Books We Love: Jinx

Jinx coverJinx” is a juvenile fiction book that was first brought to my attention when participants in DBRL’s own Heavy Medal: Mock Newbery program decided it their winner last year. Its win nudged me into giving it a read, and I am so glad I did.

Jinx” is the story of an orphan (of course he is an orphan, you have to get those pesky parents out of the way so that our young characters can have any sort of adventures, right?) who lives in a magical world with fantastical facets presented though humorously matter-of-fact narration. The story kicks off with a stepfather attempting to leave young Jinx in a dense and dangerous forest, called the Urwald, that surrounds all of the cities in Jinx’s world. After an unlikely rescue by a grumpy old wizard named Simon, Jinx finds himself a wizard’s apprentice and gathers some sidekicks along the way. Adventure naturally ensues, and the story does a lovely job of examining the fact that “good” versus “bad” is not always a black-and-white concept. Jinx’s internal ruminations on the subject are particularly touching. Continue reading

Classics for Kids: The Secret Garden

The Secret GardenWhen I was a little girl, I must have read Francis Hodgson Burnett’s “The Secret Garden” at least ten times. I was absolutely fascinated by almost everything about it. The old house with a name (Misselwaithe Manor? Why didn’t I think of this, let’s name our house! Suffice it to say, whatever title I dreamed up didn’t catch on in my childhood home) that was gigantic enough to make it hard to know who all lived there, the overgrown garden that had been locked up for mysterious reasons, the way the British lived in India, the sensory descriptions of how bringing the garden back to life felt and smelled…I ate it all up. It was like a fairy tale that could actually happen, and the story felt both nostalgic and exotic at the same time. I had never heard of a moor, and I had certainly never encountered phonetic spelling of a thick Yorkshire accent like that of the the undermaid, Martha. Continue reading

Fantastic and Frightful Fall Reads

Fall brings with it longer nights and more opportunities for reading while surrounded by the dark. When I was a preteen, I loved and hated being afraid. When the theme song for the television show “The Twilight Zone” came on, I would unsuccessfully implore my mom to change the channel. Of course, I couldn’t help myself – I always stayed in the room and watched the episode.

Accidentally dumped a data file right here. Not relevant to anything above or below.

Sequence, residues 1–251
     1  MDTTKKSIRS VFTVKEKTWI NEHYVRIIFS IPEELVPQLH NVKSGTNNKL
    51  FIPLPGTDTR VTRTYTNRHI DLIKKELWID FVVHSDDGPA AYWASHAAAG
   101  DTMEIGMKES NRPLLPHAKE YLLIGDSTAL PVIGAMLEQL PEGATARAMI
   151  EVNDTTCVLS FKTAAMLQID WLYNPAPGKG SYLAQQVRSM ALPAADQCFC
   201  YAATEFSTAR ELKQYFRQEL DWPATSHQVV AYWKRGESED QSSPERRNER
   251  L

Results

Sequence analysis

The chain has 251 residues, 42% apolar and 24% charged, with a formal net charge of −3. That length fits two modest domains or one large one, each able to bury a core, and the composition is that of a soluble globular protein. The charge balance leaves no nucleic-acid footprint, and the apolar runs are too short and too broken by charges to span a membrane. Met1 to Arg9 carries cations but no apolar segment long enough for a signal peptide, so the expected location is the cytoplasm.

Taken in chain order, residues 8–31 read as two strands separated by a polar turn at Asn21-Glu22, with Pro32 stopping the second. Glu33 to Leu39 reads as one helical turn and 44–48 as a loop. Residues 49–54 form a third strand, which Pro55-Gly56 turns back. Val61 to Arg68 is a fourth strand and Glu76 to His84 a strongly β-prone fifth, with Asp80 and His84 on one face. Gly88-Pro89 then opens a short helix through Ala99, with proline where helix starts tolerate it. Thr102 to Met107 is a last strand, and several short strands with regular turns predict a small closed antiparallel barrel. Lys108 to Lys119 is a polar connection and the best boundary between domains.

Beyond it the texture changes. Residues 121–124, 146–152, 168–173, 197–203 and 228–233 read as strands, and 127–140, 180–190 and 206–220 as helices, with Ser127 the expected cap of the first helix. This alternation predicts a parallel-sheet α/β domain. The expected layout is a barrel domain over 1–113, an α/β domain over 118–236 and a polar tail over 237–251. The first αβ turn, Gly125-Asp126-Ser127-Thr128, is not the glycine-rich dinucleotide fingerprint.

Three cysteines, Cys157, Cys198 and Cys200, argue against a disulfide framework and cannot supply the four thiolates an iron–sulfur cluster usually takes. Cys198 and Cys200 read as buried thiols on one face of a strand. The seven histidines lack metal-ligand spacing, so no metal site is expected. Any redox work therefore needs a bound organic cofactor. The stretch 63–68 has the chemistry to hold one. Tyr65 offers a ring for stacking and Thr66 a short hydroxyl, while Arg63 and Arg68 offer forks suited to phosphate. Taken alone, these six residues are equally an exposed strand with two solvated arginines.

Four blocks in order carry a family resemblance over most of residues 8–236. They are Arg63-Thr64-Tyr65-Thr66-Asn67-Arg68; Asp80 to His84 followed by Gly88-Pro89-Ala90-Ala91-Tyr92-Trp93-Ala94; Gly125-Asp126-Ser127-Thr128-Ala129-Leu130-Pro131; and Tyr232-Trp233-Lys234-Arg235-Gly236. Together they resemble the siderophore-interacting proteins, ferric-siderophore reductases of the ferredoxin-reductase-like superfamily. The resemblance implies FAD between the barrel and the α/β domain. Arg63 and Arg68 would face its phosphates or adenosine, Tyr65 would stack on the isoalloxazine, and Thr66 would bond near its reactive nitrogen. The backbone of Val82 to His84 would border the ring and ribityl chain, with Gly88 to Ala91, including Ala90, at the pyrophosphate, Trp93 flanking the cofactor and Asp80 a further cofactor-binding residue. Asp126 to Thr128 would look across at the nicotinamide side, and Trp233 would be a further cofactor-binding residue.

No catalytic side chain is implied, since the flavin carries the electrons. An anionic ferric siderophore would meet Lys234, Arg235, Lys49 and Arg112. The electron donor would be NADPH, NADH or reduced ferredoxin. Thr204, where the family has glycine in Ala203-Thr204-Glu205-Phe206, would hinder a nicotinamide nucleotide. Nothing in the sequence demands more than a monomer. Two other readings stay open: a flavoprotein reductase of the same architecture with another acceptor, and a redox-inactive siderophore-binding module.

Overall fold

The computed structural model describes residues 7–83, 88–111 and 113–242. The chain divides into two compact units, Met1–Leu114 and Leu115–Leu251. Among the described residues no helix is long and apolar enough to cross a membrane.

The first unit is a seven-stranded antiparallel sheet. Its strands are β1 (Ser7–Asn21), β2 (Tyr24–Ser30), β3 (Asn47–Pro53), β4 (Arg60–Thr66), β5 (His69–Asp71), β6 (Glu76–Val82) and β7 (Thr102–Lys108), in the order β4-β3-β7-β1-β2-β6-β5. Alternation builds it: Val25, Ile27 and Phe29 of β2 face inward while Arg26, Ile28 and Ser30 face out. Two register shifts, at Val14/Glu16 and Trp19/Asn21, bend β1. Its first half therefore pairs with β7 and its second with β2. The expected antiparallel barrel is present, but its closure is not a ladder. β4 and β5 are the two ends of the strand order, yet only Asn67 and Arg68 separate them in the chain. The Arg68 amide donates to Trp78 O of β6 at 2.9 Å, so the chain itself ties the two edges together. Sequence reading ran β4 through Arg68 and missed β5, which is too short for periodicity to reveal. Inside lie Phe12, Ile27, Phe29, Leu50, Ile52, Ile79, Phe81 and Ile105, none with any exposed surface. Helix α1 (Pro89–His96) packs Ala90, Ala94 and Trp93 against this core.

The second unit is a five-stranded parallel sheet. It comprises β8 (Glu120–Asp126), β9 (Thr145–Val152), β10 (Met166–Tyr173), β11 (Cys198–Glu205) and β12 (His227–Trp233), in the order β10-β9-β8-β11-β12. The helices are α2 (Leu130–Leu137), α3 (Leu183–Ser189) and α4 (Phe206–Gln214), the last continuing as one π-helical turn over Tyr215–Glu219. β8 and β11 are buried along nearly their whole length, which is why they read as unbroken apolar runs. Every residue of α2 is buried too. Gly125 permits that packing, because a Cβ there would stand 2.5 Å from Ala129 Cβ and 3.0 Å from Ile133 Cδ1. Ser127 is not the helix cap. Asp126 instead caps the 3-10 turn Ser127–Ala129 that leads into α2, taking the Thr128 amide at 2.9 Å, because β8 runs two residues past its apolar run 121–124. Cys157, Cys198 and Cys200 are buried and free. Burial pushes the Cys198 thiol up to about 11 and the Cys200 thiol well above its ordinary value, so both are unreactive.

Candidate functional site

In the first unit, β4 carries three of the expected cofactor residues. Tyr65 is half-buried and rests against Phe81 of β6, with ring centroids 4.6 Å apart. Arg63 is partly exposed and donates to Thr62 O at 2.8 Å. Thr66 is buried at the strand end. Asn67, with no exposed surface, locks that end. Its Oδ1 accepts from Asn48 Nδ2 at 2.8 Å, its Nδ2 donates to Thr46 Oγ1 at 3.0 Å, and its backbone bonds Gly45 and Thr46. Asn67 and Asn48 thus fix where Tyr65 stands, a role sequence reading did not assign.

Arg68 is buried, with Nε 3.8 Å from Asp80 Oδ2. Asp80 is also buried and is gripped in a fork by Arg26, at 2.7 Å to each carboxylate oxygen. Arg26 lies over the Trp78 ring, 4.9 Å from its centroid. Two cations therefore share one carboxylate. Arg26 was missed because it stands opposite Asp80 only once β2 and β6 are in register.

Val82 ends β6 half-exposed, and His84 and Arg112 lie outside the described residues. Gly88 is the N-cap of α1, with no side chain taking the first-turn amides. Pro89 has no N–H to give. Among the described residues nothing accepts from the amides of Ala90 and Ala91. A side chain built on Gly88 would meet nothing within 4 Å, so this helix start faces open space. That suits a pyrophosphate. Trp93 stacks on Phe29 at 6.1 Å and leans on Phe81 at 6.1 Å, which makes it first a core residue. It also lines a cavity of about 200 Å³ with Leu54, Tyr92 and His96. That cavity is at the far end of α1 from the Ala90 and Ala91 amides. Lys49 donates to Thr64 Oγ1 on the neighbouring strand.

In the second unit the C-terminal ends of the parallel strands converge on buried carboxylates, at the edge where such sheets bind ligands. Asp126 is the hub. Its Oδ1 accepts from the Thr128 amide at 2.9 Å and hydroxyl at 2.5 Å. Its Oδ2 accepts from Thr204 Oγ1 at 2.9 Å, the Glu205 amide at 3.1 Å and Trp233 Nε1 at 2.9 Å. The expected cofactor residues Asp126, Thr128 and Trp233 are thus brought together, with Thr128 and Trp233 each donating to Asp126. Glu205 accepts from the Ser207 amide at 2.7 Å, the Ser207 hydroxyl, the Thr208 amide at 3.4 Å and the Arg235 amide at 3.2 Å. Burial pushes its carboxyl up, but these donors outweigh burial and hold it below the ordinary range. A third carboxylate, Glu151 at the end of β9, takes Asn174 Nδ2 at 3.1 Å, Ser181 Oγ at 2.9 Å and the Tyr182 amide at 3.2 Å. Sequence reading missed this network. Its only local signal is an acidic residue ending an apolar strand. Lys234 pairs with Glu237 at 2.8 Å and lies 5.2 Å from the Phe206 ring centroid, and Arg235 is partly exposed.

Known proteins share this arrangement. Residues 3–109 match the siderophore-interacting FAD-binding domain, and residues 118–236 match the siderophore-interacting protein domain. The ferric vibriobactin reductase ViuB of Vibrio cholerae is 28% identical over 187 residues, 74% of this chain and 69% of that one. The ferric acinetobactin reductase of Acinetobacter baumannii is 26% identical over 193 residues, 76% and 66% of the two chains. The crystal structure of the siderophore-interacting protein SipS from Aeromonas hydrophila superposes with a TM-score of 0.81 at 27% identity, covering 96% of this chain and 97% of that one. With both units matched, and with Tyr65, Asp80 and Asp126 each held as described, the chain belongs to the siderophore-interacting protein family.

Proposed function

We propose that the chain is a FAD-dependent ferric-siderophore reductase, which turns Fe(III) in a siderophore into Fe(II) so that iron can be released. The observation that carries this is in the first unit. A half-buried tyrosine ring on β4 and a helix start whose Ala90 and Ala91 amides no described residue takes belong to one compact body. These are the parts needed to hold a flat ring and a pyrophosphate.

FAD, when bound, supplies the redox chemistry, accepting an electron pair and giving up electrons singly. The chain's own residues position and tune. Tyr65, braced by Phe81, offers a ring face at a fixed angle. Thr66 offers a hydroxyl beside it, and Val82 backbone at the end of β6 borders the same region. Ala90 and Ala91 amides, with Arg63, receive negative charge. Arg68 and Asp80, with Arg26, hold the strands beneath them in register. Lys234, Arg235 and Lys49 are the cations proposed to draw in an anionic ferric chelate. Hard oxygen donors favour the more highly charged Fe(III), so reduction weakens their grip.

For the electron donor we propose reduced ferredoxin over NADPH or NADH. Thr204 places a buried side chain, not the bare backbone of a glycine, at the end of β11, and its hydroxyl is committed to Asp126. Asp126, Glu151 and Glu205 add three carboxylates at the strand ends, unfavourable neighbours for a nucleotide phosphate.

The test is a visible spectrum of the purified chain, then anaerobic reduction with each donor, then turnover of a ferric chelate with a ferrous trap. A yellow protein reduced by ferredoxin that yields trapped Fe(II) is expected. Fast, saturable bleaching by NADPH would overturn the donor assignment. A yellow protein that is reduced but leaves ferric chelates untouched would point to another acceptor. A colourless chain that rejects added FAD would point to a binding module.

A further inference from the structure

When “The Twilight Zone” wasn’t airing, I could always count on books to provide me with that jolt of adrenaline. The Goosebumps series (which is still being published) was a reliable provider of horror. But I also remember being terrified by the child-loathing antagonists of the Roald Dahl classic “The Witches” and the seemingly sentient dolls in Betty Ren Wright’s “The Dollhouse Murders.” Here are some recent scary titles for preteens (more recent that my childhood, anyway):

The Book of Bad ThingsBook cover for The Book of Bad Things” by Dan Poblocki
12-year-old Cassidy Bean is a city kid in the suburbs for the summer. After the neighborhood hoarder dies, ghosts and monsters start appearing. Cassidy and her new summer friend investigate the eerie happenings.

The Night Gardener: A Scary Story” by Jonathan Auxier
A Victorian ghost story with the requisite orphans, forbidden rooms, and an evil gardener. The book has several fantastically creepy illustrations and a lesson about greed that stays with you long after you finish the book. Continue reading

Children’s Authors Visit Barnes & Noble

Contrary to popular opinion, libraries love bookstores and bookstores love libraries. And we at DBRL are excited to hear that Mac Barnett and Jon Klassen will be visiting Columbia’s Barnes & Noble store on October 18th at 10 a.m. as part of their national book tour. Their new book, “Sam & Dave Dig a Hole,” will be published on the 14th, and you can contact the store to reserve an autographed copy.

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What Rhymes with October?

adora_6m00Happy October, everyone! I have no idea what rhymes with “October,” but rhyming is essential to early literacy skills and practices at all times of the year. So get out there and show your kids all the wonders of autumn, and then teach fun rhymes to make fall even more fun. Some of the rhymes below are action rhymes, so the corresponding actions are in parentheses.

Pumpkin, Pumpkin

Pumpkin, pumpkin sitting on a wall.
Pumpkin, pumpkin tip and fall! (Lean over.)
Pumpkin, pumpkin rolling down the street. (Roll hands.)
Pumpkin, pumpkin on your feet! (Stand up.) Continue reading